On Tuesday, Castro launched Opportunity First, his brand-new political action committee meant to propel younger Democrats into office (and eventually regain control of Congress).
Castro, who was replaced as the U.S. Secretary of Housing and Urban Development by Ben Carson in January 2017, has three specific types of "young, progressive" candidates in mind: Those who are running to unseat Republicans in the U.S. House of Representatives, those running for office in states with majority-Republican state legislatures, and people with "exceptional talent" running for local office.
It doesn't come as a total surprise, since Castro has focused on backing younger Texas Dems since leaving D.C., like when he went door-to-door campaigning for Mayor Ron Nirenberg or endorsed civil rights attorney and former NFL player Colin Allred in the race for Texas' 32nd Congressional District.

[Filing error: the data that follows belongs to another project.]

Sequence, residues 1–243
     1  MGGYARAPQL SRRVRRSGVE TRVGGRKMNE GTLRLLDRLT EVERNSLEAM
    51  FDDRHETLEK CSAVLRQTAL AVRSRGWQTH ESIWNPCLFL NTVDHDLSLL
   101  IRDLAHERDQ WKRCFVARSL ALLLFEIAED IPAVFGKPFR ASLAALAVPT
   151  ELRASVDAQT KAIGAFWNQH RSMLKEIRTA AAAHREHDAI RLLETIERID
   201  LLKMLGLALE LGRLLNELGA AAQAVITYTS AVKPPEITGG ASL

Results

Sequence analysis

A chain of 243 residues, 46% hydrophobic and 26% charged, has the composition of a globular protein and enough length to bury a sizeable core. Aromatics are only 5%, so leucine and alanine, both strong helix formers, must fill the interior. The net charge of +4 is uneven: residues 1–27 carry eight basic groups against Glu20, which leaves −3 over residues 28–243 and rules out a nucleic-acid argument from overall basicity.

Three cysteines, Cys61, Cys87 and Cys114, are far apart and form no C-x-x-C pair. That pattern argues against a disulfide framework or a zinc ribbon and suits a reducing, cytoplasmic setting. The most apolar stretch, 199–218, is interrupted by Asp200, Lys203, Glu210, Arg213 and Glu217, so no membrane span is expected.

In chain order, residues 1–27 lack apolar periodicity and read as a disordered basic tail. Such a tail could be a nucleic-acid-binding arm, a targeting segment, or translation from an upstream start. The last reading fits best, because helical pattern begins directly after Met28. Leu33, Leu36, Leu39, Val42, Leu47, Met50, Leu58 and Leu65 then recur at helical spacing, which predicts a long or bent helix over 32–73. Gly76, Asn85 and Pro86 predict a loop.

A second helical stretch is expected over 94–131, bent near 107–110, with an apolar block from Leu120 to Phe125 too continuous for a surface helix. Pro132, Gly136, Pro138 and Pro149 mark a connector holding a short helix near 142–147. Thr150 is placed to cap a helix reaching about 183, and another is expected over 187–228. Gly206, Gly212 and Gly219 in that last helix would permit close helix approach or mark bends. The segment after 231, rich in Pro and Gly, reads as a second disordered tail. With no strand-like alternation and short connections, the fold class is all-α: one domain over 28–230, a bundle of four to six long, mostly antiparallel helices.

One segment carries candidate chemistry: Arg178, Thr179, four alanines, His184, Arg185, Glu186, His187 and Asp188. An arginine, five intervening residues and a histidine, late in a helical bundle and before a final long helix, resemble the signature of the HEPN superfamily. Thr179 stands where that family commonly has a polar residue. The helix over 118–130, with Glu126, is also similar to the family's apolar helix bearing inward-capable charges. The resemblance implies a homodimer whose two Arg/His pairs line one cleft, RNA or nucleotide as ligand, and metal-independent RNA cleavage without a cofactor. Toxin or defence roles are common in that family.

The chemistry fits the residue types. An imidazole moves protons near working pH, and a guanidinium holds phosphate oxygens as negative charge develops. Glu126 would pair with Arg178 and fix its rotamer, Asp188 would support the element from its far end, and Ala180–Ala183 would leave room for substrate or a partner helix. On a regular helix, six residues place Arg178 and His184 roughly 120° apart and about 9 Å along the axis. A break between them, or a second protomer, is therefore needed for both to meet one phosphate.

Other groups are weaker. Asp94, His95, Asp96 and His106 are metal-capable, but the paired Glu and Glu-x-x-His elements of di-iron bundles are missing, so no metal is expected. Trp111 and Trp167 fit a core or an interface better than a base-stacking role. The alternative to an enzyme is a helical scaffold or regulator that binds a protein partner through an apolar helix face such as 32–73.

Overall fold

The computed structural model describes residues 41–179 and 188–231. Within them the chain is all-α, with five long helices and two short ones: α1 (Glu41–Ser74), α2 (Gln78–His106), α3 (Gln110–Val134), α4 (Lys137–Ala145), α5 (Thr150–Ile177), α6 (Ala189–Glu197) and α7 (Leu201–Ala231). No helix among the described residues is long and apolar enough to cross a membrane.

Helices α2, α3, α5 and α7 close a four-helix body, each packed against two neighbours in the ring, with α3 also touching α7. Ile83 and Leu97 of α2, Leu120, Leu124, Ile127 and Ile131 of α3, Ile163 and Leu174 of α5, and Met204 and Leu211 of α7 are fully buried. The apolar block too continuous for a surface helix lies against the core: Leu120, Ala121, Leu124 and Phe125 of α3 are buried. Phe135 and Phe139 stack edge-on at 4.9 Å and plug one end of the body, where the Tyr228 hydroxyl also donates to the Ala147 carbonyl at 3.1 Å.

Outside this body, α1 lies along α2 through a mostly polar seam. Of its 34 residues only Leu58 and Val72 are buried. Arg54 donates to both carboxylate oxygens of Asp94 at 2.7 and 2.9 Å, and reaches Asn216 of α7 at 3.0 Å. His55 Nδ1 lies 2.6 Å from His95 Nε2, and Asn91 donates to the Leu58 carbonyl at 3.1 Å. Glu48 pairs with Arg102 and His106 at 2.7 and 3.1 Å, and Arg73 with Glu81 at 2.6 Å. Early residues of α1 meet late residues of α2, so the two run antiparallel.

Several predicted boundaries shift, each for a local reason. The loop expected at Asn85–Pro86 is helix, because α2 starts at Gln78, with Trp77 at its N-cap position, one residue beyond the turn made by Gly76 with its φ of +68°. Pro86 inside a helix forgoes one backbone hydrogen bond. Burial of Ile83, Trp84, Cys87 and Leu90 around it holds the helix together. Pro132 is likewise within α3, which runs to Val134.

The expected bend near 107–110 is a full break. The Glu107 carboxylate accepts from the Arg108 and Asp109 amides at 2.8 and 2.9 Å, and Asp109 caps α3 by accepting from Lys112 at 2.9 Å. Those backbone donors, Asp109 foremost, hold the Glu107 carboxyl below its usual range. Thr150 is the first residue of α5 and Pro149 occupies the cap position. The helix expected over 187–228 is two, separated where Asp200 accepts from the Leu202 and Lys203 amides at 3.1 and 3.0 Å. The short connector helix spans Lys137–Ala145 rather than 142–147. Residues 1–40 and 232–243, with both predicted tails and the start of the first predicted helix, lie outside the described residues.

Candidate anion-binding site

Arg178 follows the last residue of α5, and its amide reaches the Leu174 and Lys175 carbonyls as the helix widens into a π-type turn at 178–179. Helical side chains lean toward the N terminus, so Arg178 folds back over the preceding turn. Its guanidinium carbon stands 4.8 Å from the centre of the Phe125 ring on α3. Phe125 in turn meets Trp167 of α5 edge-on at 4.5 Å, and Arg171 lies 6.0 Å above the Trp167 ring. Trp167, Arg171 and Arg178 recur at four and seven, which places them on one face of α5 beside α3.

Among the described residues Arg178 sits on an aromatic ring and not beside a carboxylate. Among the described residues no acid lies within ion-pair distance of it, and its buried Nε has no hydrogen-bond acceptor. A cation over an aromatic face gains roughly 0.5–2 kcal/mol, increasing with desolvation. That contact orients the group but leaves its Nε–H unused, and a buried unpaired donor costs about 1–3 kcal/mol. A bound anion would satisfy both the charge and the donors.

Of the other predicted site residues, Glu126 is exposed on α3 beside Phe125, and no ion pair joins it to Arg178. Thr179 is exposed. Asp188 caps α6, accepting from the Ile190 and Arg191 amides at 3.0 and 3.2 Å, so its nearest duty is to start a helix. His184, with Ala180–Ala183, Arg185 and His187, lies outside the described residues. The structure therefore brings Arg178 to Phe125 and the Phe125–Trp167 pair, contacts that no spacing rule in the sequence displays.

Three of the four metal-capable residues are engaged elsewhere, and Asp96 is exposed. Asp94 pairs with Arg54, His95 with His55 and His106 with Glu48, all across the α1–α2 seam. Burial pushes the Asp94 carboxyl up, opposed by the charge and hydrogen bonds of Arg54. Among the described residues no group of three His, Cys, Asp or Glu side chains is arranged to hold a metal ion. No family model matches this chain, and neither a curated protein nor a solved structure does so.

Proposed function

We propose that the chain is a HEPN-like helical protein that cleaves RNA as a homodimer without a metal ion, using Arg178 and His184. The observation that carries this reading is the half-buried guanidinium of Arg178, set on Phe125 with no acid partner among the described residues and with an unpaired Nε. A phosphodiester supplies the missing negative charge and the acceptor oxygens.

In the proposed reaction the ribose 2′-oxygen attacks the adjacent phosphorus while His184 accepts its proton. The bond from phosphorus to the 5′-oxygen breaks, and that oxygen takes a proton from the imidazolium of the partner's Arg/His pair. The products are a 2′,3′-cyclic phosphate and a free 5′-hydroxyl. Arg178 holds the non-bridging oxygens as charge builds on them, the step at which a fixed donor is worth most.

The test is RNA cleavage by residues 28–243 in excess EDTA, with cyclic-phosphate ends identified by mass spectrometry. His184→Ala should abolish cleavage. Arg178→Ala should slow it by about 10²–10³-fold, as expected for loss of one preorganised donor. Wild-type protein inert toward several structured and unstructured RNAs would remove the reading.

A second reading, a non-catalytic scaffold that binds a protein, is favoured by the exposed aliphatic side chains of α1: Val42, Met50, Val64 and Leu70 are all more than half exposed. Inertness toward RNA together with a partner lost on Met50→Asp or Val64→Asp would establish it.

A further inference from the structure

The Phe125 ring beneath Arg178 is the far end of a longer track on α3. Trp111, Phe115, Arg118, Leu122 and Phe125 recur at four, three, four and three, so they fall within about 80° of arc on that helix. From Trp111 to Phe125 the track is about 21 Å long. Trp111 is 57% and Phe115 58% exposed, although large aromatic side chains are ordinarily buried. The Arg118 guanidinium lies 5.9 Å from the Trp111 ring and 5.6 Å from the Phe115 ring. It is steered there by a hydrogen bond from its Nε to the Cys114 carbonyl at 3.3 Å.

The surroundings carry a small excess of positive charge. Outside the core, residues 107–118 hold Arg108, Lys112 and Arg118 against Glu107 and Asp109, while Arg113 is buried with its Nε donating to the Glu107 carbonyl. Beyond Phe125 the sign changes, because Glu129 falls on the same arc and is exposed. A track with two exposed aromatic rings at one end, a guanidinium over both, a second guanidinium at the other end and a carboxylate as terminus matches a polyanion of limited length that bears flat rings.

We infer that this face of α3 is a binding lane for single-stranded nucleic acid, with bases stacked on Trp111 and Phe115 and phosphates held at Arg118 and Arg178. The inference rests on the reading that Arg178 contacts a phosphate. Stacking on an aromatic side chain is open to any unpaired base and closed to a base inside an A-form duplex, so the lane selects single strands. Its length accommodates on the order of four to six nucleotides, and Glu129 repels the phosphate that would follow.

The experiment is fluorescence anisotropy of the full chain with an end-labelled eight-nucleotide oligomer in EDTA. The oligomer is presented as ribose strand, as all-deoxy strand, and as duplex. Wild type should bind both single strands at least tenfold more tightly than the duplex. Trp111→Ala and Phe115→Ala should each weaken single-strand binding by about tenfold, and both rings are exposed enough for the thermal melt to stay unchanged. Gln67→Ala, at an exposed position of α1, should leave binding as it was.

Plus, Castro and his twin brother, Congressman Joaquin Castro, are textbook examples of the PAC's sought-after candidates — both men kicked off their political careers in their mid-20s.
Some see the new PAC as a step toward Castro eventually running for president in 2020, but he's dodged the question.
"The thrust of Opportunity First will be to support people who are running in the 2018 cycle. I'm happy to do it," he told the Texas Tribune in a Monday interview.
But let's not pretend "Opportunity First" isn't a loud-and-clear response to "America First."